RIP: Pete Seeger

RIP: Pete Seeger

From The New York Times:

Pete Seeger, the singer, folk-song collector and songwriter who spearheaded an American folk revival and spent a long career championing folk music as both a vital heritage and a catalyst for social change, died Monday. He was 94 and lived in Beacon, N.Y.


Mr. Seeger was a prime mover in the folk revival that transformed popular music in the 1950s. As a member of the Weavers, he sang hits including Lead Belly’s “Goodnight, Irene” — which reached No. 1 — and “If I Had a Hammer,” which he wrote with the group’s Lee Hays. Another of Mr. Seeger’s songs, “Where Have All the Flowers Gone?,” became an antiwar standard. And in 1965, the Byrds had a No. 1 hit with a folk-rock version of “Turn! Turn! Turn!,” Mr. Seeger’s setting of a passage from the Book of Ecclesiastes.

Mr. Seeger was a mentor to younger folk and topical singers in the ‘50s and ‘60s, among them Bob Dylan, Don McLean and Bernice Johnson Reagon, who founded Sweet Honey in the Rock. Decades later, Bruce Springsteen drew the songs on his 2006 album, “We Shall Overcome: The Seeger Sessions,” from Mr. Seeger’s repertoire of traditional music about a turbulent American experience, and in 2009 he performed Woody Guthrie’s “This Land Is Your Land” with Mr. Seeger at the Obama inaugural. At a Madison Square Garden concert celebrating Mr. Seeger’s 90th birthday, Mr. Springsteen introduced him as “a living archive of America’s music and conscience, a testament of the power of song and culture to nudge history along.”

Although he recorded more than 100 albums, Mr. Seeger distrusted commercialism and was never comfortable with the idea of stardom. He invariably tried to use his celebrity to bring attention and contributions to the causes that moved him, or to the traditional songs he wanted to preserve.

Mr. Seeger saw himself as part of a continuing folk tradition, constantly recycling and revising music that had been honed by time.

• Pete Seeger:

Koen Holtkamp specifies his favorite aspect of physics class, announces new full-length Motion + Connected Works compilation

I don’t care if your geographical position doesn’t allow for a clear view of the nearest mountain range; hit up your friend with the super-ultra-high-powered telescope, or better yet, steal one in an elaborate display of cunning and acrobatics, and point it to the peak of your choice! Resist the allure of the stars and… holy shit, is that a fucking cougar going to town on that missing family reported on the local news relentlessly for the past week? No. Focus. A void of relatively flat landscape has somehow interrupted the symmetry of the formerly uniform Earth protrusion. Half the mountain is gone. Half of all mountains are gone. Christ, Koen, outdoorsy types everywhere would do well with some forewarning the next time you want to bugger off and attend to your solo work.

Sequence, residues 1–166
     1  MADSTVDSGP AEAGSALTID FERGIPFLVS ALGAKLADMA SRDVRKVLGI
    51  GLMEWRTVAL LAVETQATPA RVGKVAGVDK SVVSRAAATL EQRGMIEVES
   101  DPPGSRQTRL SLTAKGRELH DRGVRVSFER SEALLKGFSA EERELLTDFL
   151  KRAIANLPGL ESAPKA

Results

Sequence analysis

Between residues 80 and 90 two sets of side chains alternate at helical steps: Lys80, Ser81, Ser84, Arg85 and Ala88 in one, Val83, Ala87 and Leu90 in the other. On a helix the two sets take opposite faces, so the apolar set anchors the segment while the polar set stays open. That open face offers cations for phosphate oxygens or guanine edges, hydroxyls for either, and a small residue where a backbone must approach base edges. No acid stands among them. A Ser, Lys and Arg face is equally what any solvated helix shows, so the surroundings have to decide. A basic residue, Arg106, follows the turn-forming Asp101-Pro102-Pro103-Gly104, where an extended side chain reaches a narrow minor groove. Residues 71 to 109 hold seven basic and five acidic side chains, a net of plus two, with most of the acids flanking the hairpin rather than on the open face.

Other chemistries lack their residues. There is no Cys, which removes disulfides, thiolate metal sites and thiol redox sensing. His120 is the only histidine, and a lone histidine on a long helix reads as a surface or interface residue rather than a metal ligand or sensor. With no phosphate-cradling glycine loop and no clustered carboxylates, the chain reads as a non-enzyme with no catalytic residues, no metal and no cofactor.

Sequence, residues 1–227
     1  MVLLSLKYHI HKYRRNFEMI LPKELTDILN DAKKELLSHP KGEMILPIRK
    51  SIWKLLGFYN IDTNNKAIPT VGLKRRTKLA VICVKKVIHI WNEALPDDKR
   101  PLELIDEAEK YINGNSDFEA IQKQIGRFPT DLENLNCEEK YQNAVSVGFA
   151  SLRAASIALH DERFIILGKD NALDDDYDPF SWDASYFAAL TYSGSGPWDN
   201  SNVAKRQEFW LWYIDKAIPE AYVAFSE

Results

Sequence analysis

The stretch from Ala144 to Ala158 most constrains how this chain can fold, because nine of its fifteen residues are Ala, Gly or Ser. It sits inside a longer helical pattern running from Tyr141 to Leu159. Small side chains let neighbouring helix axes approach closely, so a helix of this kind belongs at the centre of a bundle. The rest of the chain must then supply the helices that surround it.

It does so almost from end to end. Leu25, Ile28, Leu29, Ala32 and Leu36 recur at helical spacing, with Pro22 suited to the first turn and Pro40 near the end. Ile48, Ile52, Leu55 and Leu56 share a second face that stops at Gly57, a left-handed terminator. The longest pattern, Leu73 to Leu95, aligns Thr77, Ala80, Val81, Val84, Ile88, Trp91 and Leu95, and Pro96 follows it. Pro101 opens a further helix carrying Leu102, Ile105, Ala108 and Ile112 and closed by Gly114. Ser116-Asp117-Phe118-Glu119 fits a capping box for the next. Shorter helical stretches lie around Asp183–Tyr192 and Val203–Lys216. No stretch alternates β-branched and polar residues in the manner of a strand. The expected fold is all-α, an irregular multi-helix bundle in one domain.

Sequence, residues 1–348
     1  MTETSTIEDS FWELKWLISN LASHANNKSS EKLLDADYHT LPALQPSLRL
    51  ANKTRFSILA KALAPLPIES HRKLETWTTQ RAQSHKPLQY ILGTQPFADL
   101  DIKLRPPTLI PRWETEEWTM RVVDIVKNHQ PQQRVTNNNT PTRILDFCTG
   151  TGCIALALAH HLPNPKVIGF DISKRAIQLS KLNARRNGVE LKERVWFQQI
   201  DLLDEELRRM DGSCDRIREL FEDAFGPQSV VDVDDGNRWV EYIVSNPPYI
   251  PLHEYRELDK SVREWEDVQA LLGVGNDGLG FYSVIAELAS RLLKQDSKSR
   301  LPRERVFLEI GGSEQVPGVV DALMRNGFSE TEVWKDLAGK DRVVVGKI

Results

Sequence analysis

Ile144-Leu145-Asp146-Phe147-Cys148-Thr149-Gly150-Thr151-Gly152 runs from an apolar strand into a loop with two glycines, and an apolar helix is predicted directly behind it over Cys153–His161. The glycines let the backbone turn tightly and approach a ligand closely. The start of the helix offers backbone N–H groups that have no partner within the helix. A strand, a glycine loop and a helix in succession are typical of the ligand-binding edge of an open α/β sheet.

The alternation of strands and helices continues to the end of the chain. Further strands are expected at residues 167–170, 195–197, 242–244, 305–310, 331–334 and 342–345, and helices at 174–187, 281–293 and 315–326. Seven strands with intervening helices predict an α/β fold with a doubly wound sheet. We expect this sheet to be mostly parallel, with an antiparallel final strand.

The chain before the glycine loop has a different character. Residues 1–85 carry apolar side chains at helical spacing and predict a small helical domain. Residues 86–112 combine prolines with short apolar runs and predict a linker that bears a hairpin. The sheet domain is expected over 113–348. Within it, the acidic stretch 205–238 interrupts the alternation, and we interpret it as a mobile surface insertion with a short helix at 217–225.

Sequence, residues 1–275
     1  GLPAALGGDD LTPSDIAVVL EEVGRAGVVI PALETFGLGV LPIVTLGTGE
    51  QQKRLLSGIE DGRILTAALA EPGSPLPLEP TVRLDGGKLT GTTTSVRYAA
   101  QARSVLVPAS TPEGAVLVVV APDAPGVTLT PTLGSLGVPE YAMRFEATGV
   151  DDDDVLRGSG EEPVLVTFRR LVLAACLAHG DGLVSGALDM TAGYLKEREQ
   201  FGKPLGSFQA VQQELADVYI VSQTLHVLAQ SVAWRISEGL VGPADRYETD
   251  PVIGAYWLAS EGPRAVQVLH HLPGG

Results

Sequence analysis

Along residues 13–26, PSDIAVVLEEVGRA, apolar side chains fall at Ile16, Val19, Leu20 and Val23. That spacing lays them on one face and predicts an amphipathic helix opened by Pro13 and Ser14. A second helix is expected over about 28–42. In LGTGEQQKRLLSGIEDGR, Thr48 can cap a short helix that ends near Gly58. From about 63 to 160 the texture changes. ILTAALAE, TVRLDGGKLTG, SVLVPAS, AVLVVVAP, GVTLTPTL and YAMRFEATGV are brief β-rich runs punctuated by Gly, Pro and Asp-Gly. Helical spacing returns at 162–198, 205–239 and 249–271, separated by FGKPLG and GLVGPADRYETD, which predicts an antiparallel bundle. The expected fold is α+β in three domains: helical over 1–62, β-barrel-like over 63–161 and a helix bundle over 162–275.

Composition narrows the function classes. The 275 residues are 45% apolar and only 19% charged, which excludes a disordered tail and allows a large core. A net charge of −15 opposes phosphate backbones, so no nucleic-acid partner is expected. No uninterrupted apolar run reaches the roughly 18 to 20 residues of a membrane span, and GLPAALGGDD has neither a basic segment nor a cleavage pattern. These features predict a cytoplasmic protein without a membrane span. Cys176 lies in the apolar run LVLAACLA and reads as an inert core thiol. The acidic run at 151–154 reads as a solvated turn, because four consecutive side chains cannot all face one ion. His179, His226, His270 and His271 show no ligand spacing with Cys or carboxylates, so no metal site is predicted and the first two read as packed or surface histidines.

Koen Holtkamp, otherwise member of Mountains alongside Brendon Anderegg, will be releasing a new LP, Motion, on March 25 courtesy of Thrill Jockey. An option to extend that particular release comes with the CD version, which contains Connected Works, a compilation of Holtkamp’s previous vinyl-only releases Liquid Light Forms (2013), Gravity/Bees (2010), and Make Haste (2008). That would make the non-limited Field Rituals (2008) the likely point of familiarity, and speaking for myself, I have yet to get a complete handle on that one. Ambient tropes of sampled public transit and children playing mingle curiously with a genuine mix of acoustic (or acoustic-sounding) and digital sources. Motion apparently saw little straying from method, but there was a bit more composition directly in the studio this time around, making for a particularly intense listen on the home stereo.

Motion tracklisting:

01. Between Visible Things
02. Vert
03. Crotales
04. Endlessness

Connected Works tracklisting:

01. Battenkill
02. Hoosick
03. Hudson Static (Live at Shea Stadium)
04. In The Absence of Gravity Please Note the Position of the Sun
05. Loosely Based on Bees
06. Make Haste
07. Free Birds

• Koen Holtkamp:
• Thrill Jockey:

Pop-punk superstars The Swans announce new album for this spring, frontman Mikey Swan (Gira) plans European solo tour

Are you ready to get jacked? Well you better be, because everybody’s favorite pop-punk rascals, The Swans, have been making some news-shaped waves in the internet today. First off, and maybe you already knew this, but the frontman of The Swans, the always dapper and charming Mikey Swan (neé Michael Gira) will be heading out on a month-long tour of the great state of Europe this March. If you’ve somehow stumbled your way into Europe, I’d recommend heading out to take a gander at these shows (dates below).

That’s not all though. Not to be outdone by their prolific pop-punk peers, Green Day, The Swans have announced that they’ve just finished tracking their follow up to 2012’s The Seer (TMT Review) and that they’ll be releasing the new full-length, titled To Be Kind, this spring (May 13 to be exact) on Mikey Swans’ own Young God Records. It’ll be their third since re-activating in 2010, and their 13th overall (that’s of course not counting live albums, such as last year’s sold-out-in-four-days Not Here/Not Now). Though The Swans have been talking about this new full-length for a hot minute and today we found out that St. Vincent and Little Annie are contributing vocals, we still don’t know a ton about it. You can bet, however, that Mikey Swan will be joined by his spunky pals Thor Swan, Christoph Swan, Chris Swan, Phil Swan, and Norman Swan, and that the album will chock-full of the soaring hooks, passionate gang-vocals, and palm-muted guitar breakdowns you’ve come to expect from The Swans.

And, because even the poppiest of punks have a sensitive side, you can also pick up a collection of Mikey’s solo recordings, entitled The Milk of M. Gira: Collected Solo Home Recordings 2001-2010 from the Young God store right now. Collected from limited-release handmade CDs, of these songs Mikey says: